Would I switch still?  Yes, but I’d consider Apple a little longer (but doubt I’d switch) purely for the fact that I can have a little number showing me the number of calls/texts/emails that I need to deal with.  Android users just must have more spare time to constantly check their devices than I’m used to! 😉

(Would love to have any feedback with tips and tricks for squeezing more out of an android device – leave a comment below!)

August 17, 2015

Product Review: HP 8 G2 (The Android iPad Mini 3 equivalent?)

Filed under: Android, HP, Review — solutionsthroughit @ 16:19

Should you buy it?

Yes – if you factor in the considerations below (if you want a cheaper iPad mini sized device). 

A little more detail …

At the moment, with Android 4.4.2 this unit is a competitor to the iPad mini 2/3, however, it is a compromise.  The screen resolution is half that of an iPad Mini 2, the cameras are 1/2 the MP of the iPad and the battery life is about 1/2 as well.  Compared to the iPad mini 2 directly, it is clearly the lesser of the two products.  However, most people don’t use tablets side by side.  During my review, I was satisfied with the screen for playing games and Facebook / internet access through Chrome or Firefox.  My only issue is that the battery life is somewhat limited, and requires you to be close to power if you want to use it for long periods of time.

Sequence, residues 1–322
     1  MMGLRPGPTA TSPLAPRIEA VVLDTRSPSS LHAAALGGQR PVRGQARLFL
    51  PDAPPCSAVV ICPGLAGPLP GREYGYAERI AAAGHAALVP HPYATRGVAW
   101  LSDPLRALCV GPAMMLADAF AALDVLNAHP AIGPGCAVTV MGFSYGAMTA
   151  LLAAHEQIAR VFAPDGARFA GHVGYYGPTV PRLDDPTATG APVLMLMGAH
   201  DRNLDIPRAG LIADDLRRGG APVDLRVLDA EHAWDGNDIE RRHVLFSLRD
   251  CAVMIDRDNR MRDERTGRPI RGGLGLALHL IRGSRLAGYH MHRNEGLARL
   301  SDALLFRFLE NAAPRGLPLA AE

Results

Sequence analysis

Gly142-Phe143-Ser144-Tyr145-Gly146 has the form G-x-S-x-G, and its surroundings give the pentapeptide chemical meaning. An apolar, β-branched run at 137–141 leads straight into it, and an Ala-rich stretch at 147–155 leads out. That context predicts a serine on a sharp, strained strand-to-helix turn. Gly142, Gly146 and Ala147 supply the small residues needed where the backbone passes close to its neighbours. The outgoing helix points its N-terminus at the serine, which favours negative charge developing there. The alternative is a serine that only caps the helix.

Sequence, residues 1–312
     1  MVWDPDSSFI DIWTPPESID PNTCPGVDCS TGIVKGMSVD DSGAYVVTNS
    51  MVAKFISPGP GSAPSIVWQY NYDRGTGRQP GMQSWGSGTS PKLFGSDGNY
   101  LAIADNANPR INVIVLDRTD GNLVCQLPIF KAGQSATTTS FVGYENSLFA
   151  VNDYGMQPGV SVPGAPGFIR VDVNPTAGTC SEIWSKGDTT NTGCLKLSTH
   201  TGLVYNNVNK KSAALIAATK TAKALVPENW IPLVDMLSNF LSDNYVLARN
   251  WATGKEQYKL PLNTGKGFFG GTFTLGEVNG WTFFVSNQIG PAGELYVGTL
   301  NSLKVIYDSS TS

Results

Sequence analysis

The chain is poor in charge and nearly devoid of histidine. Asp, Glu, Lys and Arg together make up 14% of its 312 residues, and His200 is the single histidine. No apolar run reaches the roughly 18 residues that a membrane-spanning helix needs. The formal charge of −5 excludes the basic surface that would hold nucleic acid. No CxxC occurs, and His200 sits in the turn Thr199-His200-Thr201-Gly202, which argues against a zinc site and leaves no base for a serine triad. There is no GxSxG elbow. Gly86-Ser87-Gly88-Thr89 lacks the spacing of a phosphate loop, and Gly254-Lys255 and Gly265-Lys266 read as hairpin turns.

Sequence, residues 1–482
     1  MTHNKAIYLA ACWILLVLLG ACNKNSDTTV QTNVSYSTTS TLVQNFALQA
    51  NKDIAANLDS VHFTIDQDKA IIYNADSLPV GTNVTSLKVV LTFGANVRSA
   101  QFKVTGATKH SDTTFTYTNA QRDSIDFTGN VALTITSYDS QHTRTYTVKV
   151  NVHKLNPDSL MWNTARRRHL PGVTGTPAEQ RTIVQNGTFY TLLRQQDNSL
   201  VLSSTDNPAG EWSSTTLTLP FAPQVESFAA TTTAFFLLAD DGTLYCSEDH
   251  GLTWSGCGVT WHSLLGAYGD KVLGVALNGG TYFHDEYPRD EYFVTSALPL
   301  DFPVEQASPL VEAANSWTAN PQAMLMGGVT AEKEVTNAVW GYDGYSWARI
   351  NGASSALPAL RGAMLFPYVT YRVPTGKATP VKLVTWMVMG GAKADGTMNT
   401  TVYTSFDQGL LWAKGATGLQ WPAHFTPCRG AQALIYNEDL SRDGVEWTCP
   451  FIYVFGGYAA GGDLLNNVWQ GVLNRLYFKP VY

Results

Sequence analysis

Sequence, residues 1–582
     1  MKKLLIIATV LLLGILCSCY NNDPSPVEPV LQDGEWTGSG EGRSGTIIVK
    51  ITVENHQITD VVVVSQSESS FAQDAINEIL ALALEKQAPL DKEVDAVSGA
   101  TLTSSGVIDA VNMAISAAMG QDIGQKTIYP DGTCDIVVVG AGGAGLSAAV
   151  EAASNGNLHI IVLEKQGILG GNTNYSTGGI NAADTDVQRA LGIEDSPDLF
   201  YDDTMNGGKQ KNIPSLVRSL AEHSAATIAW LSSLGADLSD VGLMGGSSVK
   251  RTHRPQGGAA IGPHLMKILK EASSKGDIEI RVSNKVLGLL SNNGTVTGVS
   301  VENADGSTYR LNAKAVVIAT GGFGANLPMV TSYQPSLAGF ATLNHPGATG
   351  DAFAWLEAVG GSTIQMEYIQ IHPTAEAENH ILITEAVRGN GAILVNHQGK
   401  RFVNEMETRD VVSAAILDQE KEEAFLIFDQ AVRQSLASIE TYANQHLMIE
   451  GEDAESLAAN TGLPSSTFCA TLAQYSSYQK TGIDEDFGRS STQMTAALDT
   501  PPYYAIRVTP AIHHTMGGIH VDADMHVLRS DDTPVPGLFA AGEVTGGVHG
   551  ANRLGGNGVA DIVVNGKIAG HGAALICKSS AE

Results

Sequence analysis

Pros

  • Price is cheaper – I managed to get this on special for less than 1/2 the price of an iPad mini 2
  • It’s Android (if that matters) and opens up different opportunities to the Apple store
  • Customisable – If you’re not used to Android, you’ll find that almost all the parts (keyboard/screen saver / browsers) are upgradable or changeable.